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America's Boot Hill Graveyards
by Steve Johnson
October 2, 2010
The name "Boot Hill" often conjures up images of lawlessness in the rugged Old West of the 1800's. Many movie westerns seemed to have romanticized the trials and tribulations of the "cowboy" who met their fate too early in life. Gunslingers, lawmen, and bank robbers all shared company in the hills outside of restless towns throughout the Old West.
The term, "Boot Hill" is used to describe a cemetery, typically located in towns throughout the western territories of the United States, where lawlessness flourished. While many towns in the western United States had cemeteries, only those that were known for violence used the term "boot hill".
The name itself is somewhat of a humorous commentary. So many men were being killed in these towns that local residents had little time to give them proper funerals. Hence they were, "buried with their boots on".
Towns that sported boot hill graveyards were typically those that attracted a lot of people with no family. As people died, there was no one to claim the bodies, and hence no reason to host a funeral service.
Dodge City, KS had been a starting point for people travelling west along the Santa Fe Trail. Tombstone, AZ, Virginia City, MT, and Calico, CA were mining settlements. These towns added saloons, brothels, and theatres to cash in on the large numbers of single men working or passing through these towns.
Originally, settlers had buried their dead at Army Forts located throughout the territories. But when lawlessness set in, and people were being killed faster than they could bury them, the need for a local cemetery became clear. Hence, the boot hills.
The boot hills ultimately became predecessors to larger, more formal cemeteries. They fulfilled an immediate need until a permanent cemetery could be established. The boot hill graveyard in Tombstone, AZ was used only for six years until the present day "Tombstone Cemetery" was established. The boot hill in Deadwood, South Dakota, known as "Ingleside", was used only for two years until the permanent "Mount Moriah" was established. Interestingly, Ingleside went forgotten and most people today refer to Mount Moriah as "Boot Hill".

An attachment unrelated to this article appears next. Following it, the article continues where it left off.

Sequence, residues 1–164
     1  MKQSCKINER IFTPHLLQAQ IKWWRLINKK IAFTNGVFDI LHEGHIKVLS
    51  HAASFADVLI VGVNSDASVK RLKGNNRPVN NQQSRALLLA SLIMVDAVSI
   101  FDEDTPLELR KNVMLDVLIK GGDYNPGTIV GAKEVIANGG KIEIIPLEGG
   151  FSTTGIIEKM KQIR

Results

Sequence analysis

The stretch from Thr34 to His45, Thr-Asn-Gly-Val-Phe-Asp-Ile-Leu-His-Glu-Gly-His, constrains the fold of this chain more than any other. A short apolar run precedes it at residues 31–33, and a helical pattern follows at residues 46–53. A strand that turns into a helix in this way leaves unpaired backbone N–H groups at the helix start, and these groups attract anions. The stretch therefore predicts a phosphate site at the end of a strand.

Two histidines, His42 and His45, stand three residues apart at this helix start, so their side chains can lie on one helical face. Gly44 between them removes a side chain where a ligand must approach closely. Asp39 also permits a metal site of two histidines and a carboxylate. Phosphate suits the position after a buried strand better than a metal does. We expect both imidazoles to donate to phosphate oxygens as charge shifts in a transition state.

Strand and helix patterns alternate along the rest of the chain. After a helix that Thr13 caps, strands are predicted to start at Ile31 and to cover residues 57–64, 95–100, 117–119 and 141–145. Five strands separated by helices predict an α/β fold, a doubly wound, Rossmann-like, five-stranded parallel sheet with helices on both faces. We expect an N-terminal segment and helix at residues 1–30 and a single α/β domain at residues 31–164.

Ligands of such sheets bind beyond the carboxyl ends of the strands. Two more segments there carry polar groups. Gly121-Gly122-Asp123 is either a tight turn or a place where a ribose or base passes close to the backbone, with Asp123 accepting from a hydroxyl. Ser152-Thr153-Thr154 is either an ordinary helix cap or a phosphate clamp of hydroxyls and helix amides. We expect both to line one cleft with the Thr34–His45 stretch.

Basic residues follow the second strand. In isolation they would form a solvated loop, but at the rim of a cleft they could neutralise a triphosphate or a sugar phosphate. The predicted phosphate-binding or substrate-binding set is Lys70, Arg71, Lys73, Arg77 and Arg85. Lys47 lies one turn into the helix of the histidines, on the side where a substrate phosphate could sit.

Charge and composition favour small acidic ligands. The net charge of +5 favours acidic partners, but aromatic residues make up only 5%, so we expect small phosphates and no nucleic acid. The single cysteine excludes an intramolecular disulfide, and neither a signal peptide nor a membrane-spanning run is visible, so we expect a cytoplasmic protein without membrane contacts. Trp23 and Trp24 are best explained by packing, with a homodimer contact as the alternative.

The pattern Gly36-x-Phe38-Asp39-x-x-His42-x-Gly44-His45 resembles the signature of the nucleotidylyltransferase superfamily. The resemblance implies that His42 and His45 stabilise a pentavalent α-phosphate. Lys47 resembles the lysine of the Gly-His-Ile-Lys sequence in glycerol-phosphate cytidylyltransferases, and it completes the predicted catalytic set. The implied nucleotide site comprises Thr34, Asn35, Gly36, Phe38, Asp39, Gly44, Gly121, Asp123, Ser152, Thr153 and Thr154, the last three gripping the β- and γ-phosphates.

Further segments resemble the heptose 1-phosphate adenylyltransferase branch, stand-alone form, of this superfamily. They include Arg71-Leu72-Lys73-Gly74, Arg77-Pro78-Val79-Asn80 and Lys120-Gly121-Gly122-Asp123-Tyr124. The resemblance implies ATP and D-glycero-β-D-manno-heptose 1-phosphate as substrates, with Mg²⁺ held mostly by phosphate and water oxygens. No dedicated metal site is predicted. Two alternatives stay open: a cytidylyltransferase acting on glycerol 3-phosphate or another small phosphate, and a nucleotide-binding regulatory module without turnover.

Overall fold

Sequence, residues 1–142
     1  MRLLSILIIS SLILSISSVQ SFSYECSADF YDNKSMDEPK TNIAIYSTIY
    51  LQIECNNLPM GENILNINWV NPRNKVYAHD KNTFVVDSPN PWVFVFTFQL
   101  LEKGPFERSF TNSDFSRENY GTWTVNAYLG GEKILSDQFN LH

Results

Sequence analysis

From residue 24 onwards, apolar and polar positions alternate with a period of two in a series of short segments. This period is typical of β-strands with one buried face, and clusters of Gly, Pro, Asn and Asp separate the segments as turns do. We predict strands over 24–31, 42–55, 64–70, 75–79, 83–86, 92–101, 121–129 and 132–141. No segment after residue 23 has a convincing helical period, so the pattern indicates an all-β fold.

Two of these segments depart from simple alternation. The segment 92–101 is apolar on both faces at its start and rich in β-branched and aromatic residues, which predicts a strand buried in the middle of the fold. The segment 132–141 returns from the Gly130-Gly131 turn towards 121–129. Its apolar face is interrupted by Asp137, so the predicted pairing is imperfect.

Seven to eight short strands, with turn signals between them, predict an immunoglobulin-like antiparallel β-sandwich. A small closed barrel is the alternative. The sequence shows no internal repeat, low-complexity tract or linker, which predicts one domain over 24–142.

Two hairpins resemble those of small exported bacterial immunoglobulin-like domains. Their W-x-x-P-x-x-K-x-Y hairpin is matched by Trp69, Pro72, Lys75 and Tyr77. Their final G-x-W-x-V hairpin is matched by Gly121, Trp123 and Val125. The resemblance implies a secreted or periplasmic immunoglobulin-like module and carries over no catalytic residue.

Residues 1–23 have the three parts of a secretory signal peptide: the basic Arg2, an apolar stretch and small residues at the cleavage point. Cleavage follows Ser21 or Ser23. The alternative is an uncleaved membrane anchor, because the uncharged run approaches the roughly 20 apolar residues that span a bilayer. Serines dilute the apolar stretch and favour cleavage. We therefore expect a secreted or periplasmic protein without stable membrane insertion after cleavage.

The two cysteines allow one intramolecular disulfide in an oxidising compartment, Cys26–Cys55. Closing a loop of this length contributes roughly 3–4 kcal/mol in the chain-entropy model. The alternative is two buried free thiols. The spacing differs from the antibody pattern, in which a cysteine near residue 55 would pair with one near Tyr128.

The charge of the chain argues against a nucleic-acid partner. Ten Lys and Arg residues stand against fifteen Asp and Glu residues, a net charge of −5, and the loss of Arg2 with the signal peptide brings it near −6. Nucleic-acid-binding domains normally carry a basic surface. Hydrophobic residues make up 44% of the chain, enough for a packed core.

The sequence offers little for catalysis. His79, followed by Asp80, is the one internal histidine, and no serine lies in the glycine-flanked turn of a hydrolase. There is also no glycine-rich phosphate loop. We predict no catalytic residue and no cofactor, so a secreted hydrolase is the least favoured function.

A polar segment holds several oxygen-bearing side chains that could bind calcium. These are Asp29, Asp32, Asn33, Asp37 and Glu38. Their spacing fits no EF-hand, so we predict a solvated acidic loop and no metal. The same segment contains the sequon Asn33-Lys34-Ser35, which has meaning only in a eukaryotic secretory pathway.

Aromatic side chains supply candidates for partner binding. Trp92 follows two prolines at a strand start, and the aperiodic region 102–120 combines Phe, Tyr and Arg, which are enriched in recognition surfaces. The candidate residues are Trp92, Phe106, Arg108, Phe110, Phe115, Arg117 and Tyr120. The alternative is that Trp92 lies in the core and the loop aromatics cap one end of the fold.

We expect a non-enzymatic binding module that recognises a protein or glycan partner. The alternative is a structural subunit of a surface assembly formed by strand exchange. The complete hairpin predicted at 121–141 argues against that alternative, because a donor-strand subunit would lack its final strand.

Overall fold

Other towns converted their boot hills into formal cemeteries, such as that in Calico, California. There were also towns that had boot hills but never called them by that term, such as that in Bodie, CA.
Many of the boot hill graveyards do not exist anymore, having been erased by time and Mother Nature. The boot hills you visit in places like Tombstone, Arizona, Dodge City, Kansas, and Virginia City, Montana, were all rebuilt and are used as tourist attractions.
Originally, many of the dead were not given gravemarkers, only those rare few who had surviving family, or prominent townsfolk, were given markers, and these markers were almost always made of wood. The grave markers you see at many boot hills today are not original. Local historical societies, and restoration groups have painstakingly researched the burial plots of the deceased and planted new markers.
Recently, many old west towns have rebuilt themselves into tourist attractions, and renamed their original graveyards as "boot hill" for additional tourist interest, when in fact they were never used as such. And these days people tend to use "boot hill" loosely to describe any old abandoned graveyard they find lying out in the vast expanses of western USA.
Some boot hill graveyards featured here on Interment.net...
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